Laurinda Abreu
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Epidemics, quarantine and state control in Portugal, 1750–1805
in Mediterranean Quarantines, 1750–1914
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This chapter argues that the setting up of cordon sanitaires in Portugal from the mid-eighteenth to the early years of the nineteenth century, formed part of a strategy by the Crown which employed public health institutions to consolidate its power over society and protect the national territory. Epidemics were therefore managed for political purposes by the government, and the political class, as happened in 1756 and 1800. The study shows how the threat of yellow fever in 1800 that led to the establishment of a military cordon sanitaire was actually a measure to protect the land frontier against an eventual armed invasion from Spain. This contrasts with the quarantine imposed in 1804 which was genuinely set up to combat the yellow fever epidemic, thus marking a new phase in the history of quarantine in Portugal.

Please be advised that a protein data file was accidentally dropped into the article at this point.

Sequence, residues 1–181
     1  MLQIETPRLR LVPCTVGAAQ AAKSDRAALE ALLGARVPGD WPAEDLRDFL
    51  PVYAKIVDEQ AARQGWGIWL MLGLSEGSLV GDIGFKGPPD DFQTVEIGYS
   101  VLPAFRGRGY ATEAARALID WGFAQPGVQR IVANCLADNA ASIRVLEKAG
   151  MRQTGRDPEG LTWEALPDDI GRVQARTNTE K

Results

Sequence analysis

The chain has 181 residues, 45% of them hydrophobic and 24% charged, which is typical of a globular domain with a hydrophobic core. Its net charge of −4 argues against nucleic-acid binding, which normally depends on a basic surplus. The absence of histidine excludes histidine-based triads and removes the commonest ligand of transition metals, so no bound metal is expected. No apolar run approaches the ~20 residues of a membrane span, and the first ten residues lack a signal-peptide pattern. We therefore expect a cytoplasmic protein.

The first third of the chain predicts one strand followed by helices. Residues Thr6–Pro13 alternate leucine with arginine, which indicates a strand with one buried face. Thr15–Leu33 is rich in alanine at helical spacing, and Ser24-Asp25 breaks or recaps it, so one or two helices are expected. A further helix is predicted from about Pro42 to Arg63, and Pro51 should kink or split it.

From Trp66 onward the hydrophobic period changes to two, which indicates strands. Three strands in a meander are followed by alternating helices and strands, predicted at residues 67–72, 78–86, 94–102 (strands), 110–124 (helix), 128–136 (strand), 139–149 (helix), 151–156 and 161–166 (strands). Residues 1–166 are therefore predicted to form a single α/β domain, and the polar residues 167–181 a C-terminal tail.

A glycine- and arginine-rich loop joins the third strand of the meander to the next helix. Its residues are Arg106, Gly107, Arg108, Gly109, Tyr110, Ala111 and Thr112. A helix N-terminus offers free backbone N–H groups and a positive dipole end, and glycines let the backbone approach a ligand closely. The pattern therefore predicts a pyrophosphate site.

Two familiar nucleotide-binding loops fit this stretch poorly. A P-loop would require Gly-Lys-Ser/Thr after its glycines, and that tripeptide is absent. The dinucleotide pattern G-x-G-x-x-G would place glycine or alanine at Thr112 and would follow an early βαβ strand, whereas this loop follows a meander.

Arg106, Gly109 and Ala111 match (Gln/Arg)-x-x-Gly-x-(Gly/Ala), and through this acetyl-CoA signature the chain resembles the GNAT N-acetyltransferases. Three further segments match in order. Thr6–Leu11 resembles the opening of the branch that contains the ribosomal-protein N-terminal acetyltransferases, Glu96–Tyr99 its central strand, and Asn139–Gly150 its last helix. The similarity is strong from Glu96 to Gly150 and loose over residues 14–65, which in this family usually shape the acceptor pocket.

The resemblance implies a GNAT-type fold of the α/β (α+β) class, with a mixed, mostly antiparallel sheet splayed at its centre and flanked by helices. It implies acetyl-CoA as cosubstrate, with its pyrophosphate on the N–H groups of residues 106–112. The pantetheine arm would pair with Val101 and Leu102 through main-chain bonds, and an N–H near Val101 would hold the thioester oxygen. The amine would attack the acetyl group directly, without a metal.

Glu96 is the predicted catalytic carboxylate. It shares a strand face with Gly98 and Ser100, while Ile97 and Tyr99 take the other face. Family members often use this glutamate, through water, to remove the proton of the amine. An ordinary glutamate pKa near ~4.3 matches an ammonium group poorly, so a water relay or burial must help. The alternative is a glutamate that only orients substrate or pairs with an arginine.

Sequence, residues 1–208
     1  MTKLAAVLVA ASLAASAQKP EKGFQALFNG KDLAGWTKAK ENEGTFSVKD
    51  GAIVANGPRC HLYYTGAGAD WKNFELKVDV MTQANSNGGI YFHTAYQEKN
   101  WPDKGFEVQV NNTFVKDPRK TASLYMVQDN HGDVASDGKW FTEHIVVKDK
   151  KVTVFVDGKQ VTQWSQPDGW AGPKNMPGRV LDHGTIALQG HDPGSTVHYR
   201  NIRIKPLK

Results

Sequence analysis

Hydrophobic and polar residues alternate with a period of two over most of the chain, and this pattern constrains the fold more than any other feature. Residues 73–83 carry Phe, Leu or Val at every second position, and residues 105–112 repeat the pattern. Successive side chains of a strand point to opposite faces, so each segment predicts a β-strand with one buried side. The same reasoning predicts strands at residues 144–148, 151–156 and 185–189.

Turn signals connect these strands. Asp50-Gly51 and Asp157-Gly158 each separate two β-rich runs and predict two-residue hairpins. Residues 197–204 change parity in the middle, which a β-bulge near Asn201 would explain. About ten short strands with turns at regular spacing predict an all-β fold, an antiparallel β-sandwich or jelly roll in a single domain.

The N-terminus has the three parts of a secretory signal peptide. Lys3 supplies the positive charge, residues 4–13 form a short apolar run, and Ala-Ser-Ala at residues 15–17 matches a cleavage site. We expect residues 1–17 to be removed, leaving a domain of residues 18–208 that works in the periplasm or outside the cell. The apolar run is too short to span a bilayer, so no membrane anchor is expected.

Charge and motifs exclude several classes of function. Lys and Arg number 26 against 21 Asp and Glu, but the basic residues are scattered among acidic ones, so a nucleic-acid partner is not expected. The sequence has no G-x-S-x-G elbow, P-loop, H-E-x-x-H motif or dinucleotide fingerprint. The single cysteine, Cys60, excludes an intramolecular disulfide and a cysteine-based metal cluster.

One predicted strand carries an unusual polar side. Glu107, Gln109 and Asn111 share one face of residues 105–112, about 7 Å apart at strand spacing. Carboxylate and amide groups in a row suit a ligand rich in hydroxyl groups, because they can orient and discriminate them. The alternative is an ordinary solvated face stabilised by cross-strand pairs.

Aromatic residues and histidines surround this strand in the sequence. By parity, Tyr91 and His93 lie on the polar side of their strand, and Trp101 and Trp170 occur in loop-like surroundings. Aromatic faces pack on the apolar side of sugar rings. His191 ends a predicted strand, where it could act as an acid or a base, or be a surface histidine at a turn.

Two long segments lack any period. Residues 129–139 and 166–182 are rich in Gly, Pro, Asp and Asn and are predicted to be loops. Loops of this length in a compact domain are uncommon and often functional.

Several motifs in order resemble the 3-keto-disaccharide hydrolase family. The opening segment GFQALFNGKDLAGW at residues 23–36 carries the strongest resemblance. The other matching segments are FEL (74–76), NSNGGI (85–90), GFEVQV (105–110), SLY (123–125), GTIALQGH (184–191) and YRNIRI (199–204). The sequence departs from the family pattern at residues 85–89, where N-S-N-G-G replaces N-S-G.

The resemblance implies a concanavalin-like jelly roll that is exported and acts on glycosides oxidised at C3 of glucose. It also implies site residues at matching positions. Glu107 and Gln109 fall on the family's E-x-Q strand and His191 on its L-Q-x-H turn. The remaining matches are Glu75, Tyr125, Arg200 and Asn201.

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Mediterranean Quarantines, 1750–1914

Space, identity and power


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